According to his article in The New York Times Magazine, Adam Davidson implies that today’s most educated and talented young people have entered into a sort of employment lottery.
Like the irrational behavior of drug dealers in Stephen J. Dubner and Steven D. Levitt’s book Freakonomics, today’s best professional candidates are working overtime and underpaid with the naïve hope and off chance that, one day, they’ll hit it big.
“Young, ambitious accountants who toil away at a Big Four firm may have modest expectations of glory, but they’ll be millionaires if they make partner,” writes Davidson.
“The same goes at law firms, ad agencies and consulting firms. Startups explicitly use a lottery system, known as stock options, to entice young people to work for nothing.”
Law firms—especially BigLaw—are now experts at playing this employment lottery game. They ask young associates to keep their billable hours up, they’ve lengthened the partnership track, and they’ve incentivized late nights and low personal wellbeing.
These same firms understand that young first-years (and on) will work hard and long at the prospect of winning the precarious employment lottery. Each associate clings to the hope that he will be the one to finally make equity partner.
The older generation of lawyers is unsympathetic to this partnership roulette and its higher standards for career advancement.
“Rationalizing these actions, many big-law leaders have convinced themselves that the current generation of young lawyers is inferior to their own,” explains Steven Harper in his article for the AmLaw Daily.
“They complain about those who act as if they’re entitled to everything and unwilling to work hard, as they once did.”
It’s why young, newly announced partners have even more to live up to in the eyes of their firm.
For those lucky few who finally make it to partner—those who hit it big in the employment lottery—all associate eyes are on them. The expectations to become an effective, productive case leader and lawyer are high.
And, to make matters worse, these new leaders who are perceived by their peers as having low status, in terms of age, education, experience, or other factors, must obey different rules than their partner predecessors.
Traditionally, subordinates respond best to participative leaders (after all, nobody likes an overbearing micro-manager). However, according to the Harvard Business Review (HBR), recent studies prove this to be true only for high-status leaders—those men or women who are perceived to have superior education, experience, or age, for example.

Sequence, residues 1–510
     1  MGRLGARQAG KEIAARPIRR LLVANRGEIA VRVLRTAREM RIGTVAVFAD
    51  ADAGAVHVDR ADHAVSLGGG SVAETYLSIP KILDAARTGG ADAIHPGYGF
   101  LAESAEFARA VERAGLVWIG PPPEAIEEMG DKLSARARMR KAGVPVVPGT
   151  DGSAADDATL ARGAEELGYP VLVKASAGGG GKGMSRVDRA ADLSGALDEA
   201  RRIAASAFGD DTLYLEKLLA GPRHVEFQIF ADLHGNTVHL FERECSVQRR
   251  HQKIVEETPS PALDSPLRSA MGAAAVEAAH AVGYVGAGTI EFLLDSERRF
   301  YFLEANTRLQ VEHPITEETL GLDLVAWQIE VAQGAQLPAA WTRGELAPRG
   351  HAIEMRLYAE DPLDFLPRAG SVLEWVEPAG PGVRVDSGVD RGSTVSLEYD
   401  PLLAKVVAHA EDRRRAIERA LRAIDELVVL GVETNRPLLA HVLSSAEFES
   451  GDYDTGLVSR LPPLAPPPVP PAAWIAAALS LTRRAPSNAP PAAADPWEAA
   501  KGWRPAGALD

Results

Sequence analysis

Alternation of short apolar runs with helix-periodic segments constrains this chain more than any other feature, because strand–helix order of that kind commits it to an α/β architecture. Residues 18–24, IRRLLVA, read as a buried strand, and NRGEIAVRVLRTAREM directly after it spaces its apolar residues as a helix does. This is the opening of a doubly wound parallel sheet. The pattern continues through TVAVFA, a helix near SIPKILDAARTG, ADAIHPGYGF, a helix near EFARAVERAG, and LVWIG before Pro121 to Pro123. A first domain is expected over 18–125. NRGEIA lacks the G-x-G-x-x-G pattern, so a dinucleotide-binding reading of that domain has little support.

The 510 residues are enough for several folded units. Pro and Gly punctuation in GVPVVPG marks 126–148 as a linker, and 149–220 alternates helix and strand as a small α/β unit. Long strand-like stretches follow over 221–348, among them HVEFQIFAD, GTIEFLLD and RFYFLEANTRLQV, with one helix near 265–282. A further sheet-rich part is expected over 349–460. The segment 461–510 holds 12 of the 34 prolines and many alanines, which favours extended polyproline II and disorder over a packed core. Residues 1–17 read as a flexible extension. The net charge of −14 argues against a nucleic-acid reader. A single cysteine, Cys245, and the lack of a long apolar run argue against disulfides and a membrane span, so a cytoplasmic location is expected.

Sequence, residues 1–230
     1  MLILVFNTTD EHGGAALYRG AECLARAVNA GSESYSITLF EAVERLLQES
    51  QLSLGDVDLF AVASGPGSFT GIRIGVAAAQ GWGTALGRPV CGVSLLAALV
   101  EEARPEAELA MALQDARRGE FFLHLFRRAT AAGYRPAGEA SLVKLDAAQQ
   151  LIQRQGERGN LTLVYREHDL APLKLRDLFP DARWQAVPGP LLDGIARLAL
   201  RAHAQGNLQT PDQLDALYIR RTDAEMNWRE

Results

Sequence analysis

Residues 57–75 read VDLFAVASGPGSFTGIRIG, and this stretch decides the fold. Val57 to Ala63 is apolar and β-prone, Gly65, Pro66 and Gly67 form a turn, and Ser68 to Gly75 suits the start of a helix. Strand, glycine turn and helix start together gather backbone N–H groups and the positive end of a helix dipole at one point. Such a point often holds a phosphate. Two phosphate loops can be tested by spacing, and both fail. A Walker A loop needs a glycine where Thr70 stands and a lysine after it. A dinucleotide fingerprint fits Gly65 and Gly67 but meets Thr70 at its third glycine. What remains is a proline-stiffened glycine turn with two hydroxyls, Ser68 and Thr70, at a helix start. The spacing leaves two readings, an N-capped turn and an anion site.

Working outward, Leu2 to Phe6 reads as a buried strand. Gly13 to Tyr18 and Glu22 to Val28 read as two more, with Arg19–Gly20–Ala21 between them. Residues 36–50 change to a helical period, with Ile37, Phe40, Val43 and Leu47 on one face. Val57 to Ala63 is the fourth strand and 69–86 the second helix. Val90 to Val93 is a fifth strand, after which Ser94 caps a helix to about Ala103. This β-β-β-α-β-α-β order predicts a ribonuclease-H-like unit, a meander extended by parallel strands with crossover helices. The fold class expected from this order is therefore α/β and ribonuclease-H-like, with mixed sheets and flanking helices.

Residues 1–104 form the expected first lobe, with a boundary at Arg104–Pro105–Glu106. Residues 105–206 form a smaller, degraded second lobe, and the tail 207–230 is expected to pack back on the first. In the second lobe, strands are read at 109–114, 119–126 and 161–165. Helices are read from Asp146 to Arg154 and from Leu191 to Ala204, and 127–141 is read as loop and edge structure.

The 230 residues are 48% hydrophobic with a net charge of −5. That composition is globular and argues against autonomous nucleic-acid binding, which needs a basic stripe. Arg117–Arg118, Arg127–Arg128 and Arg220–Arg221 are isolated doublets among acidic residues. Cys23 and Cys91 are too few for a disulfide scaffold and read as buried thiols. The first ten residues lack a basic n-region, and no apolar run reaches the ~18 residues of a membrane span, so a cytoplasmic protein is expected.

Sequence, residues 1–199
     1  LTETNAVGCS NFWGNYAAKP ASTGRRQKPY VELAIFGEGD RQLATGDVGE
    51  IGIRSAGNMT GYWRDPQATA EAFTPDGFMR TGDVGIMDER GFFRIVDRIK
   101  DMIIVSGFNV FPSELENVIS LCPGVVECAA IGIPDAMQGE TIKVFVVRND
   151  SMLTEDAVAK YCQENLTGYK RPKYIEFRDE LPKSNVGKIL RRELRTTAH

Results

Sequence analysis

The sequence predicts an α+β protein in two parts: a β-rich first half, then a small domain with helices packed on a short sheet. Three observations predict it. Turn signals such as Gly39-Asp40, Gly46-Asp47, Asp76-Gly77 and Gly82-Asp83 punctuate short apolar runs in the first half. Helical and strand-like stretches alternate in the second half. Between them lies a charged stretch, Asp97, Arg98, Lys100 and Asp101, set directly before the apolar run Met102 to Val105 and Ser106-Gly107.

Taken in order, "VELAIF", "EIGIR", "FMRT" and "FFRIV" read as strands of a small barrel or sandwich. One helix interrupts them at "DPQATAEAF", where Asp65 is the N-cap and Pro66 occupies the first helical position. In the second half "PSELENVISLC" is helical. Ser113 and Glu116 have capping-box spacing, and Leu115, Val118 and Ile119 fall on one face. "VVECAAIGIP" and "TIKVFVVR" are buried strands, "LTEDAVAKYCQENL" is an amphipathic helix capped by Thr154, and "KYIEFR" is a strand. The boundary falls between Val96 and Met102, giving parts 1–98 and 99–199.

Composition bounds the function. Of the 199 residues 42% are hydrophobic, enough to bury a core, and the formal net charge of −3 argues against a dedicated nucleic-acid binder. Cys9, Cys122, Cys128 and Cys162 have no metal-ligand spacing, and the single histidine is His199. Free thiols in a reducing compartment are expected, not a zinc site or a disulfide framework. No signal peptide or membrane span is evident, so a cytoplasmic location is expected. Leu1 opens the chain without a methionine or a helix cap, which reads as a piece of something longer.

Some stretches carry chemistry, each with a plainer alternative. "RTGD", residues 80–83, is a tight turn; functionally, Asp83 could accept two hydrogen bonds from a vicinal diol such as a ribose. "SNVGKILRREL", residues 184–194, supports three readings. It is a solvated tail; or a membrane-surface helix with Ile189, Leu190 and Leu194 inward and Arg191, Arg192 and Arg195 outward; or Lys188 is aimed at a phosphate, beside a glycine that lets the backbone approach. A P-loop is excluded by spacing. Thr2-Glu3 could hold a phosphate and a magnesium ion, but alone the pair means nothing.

By contrast, new studies show that leaders with a lower status rating—meaning, young law firm partners—are more highly regarded and receive better results by subordinates when they are decisive, demanding, and—to be frank—bossy.
Two different studies show that the low status leaders receive highest marks, in terms of confidence and effectiveness, when they are directive and ignore team participation. Basically, young leaders should act bossier to subordinates than older ones.
“If these results seem counterintuitive, imagine this: You’re on an experienced team that gets an unfamiliar leader. You look for clues about his status—How old is he? How does he dress? Where did he train?—and form an assessment accordingly. If he seems to be a lightweight, you’ll probably resist his attempts to influence you. And if he asks for your input, chances are even greater that you’ll view him as lacking in competence,” writes Stephen J. Sauer in his article “Why Bossy Is Better For Rookie Managers,” in the HBR.
“But if he’s directive and assertive, you’ll take that as confidence, and you’ll come to see him as more able than you first thought. His perceived capabilities will rise.”
Young lawyers who are lucky enough to hit the employment lottery may face unexpected challenges from their dubious team of associates.
And, as a young partner, if you get the impression others see your leadership as inferior—especially by the older generation and lottery losers—you’re probably right: They do.
It’s time to assert yourself into the hierarchy—until, of course, you’ve proven that it was more than just luck and freakonomics that got you to the top.